Friday, January 30, 2015

AAP Discourages the Legalization of Marijuana

There has been an on going discussion about the legalization of marijuana for medical or recreational use. Pediatric Health Associates and the American Academy of Pediatrics [AAP] strongly discourages the use of marijuana in our patient population.

We discourage the use of marijuana in teens due to the well documented adverse affects and the serious health concerns. These effects include impaired short term memory, decreased concentration, decreased attention span, lower IQ and decreased problem solving. These factors would clearly interfere with a teens ability to learn and thrive in a school setting. Further, we know that a significant percentage of teen users suffer depression and increased anxiety after using marijuana.

Research tells us that early marijuana use decreases a teens odds of graduating from high school or obtaining a college degree. We also know that early marijuana use in the teen years can be a gateway to other illicit drugs and adult addictions and drug dependencies.  In addition, states that have legalized the drug have seen a marked jump in driving accidents and DUI arrests related to marijuana.

Lastly, new research is showing that areas of the brain that control judgment and decision making are not fully developed until the mid-20s. As your health care providers, this greatly concerns us when considering how marijuana affects an immature and still developing brain. We feel that it is our duty as medical professionals to provide you with this information and encourage you to not only speak to your teens but be informed voters and communicate with your legislatures. Also consider that if marijuana is legalized for adults, it will increase the access for teens.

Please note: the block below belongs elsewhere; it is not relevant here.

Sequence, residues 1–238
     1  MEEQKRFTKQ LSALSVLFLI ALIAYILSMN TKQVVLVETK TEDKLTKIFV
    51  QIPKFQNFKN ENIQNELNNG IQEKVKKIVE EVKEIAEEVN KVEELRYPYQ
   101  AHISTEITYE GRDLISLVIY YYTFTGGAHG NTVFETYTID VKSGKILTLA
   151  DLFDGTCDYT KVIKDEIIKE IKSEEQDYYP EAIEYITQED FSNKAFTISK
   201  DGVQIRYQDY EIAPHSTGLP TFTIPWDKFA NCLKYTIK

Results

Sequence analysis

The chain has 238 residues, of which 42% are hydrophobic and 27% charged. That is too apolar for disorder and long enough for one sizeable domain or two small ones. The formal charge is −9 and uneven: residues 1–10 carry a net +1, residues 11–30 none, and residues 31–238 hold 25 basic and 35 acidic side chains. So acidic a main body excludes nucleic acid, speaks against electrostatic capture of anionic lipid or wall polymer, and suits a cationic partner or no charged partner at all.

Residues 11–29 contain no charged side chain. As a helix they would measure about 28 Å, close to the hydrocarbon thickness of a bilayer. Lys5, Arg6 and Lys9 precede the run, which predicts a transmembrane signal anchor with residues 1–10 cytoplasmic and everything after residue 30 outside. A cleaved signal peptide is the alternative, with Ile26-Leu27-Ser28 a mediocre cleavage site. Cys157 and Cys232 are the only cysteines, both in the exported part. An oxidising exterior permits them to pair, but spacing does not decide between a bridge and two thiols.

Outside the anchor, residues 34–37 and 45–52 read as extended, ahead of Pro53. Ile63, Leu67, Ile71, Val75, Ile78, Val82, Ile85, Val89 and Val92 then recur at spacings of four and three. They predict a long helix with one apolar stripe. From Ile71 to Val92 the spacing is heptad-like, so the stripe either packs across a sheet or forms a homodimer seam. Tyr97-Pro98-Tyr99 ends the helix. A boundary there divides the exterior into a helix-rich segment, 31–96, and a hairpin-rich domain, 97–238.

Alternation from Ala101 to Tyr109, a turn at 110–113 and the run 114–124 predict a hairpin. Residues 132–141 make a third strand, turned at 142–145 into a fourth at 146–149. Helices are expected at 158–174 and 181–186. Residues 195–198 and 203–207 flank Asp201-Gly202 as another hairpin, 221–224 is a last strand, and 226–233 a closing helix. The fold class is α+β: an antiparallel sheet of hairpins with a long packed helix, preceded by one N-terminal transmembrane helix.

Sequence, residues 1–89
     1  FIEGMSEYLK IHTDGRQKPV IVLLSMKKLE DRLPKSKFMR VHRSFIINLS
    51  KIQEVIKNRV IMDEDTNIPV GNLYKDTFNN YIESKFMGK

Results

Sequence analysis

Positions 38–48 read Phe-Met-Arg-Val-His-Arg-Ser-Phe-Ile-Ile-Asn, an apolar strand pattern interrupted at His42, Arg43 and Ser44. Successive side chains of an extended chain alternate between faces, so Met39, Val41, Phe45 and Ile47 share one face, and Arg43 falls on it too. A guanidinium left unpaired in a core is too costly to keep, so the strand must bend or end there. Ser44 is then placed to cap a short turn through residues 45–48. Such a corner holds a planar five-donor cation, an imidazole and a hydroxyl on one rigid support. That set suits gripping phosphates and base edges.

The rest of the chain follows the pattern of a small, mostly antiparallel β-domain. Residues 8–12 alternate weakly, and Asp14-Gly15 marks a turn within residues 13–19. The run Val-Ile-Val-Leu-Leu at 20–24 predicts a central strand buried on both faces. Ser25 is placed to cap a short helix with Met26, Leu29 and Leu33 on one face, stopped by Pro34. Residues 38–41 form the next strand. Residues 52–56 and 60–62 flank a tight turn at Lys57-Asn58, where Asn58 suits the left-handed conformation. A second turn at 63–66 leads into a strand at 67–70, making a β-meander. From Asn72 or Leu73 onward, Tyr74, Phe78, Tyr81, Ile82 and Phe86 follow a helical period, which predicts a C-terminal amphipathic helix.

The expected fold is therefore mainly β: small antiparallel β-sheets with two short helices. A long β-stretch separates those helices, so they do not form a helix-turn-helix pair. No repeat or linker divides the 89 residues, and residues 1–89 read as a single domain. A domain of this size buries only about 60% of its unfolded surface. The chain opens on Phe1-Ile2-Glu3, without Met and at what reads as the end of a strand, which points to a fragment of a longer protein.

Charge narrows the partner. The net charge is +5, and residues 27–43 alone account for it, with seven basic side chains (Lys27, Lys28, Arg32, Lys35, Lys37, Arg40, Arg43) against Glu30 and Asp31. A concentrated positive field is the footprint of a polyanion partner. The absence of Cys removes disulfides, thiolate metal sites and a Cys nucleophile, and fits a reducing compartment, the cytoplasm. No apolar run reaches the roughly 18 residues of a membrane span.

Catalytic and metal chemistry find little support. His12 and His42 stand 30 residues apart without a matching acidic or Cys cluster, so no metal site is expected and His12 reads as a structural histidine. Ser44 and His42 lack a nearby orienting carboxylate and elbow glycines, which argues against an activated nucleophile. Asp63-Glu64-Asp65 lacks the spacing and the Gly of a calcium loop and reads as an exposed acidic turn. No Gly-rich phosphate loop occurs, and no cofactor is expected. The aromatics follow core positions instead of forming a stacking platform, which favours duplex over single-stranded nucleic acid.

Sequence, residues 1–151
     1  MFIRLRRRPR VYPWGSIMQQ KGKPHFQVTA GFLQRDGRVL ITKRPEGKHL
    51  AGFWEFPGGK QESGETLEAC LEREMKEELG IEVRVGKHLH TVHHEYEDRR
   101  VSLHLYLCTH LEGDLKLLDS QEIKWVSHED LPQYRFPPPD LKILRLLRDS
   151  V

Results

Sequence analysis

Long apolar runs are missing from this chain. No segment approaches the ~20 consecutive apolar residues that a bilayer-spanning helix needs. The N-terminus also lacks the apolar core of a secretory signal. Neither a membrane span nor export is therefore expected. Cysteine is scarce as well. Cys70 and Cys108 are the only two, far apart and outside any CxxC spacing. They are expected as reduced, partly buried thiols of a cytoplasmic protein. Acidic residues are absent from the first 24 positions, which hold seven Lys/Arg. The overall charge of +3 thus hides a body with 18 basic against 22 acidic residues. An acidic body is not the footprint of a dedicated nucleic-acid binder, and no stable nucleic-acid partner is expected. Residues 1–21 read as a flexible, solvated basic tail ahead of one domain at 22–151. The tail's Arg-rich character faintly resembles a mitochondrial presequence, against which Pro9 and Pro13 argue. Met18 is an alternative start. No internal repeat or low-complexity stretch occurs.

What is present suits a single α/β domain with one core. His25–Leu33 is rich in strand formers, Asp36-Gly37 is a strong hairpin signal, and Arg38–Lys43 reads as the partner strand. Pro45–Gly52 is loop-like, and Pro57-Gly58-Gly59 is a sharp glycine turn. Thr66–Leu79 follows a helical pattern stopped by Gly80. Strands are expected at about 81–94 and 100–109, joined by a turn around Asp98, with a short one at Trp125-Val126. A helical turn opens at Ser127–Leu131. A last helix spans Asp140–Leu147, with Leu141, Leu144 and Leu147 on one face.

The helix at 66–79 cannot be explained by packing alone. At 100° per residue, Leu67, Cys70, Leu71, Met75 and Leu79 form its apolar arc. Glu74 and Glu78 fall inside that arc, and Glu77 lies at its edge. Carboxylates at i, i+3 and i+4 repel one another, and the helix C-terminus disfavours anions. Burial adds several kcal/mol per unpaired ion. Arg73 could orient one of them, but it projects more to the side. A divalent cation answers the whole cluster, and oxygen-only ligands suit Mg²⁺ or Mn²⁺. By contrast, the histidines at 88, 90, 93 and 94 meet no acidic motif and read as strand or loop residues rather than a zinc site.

Should it be used in children for medical treatment? Current research does not show that any benefits of marijuana use outweigh the risks outlined above. We will defer to your child's neurologist or oncologist, but we will not be prescribing the drug.

While we strongly discourage the use of marijuana in our population, we share the AAP's belief that marijuana use should be decriminalized.  The AAP believes that marijuana use should continue to be penalized, but not regarded as a felony offense.  Our teens make mistakes, and teens should be given the chance to move beyond them and make amends instead of receiving consequences that will follow them the rest of their lives.

During your teens/college students' annual checkups, we will continue to monitor and discourage its use. As you consider this statement, please refer to these more detailed articles.



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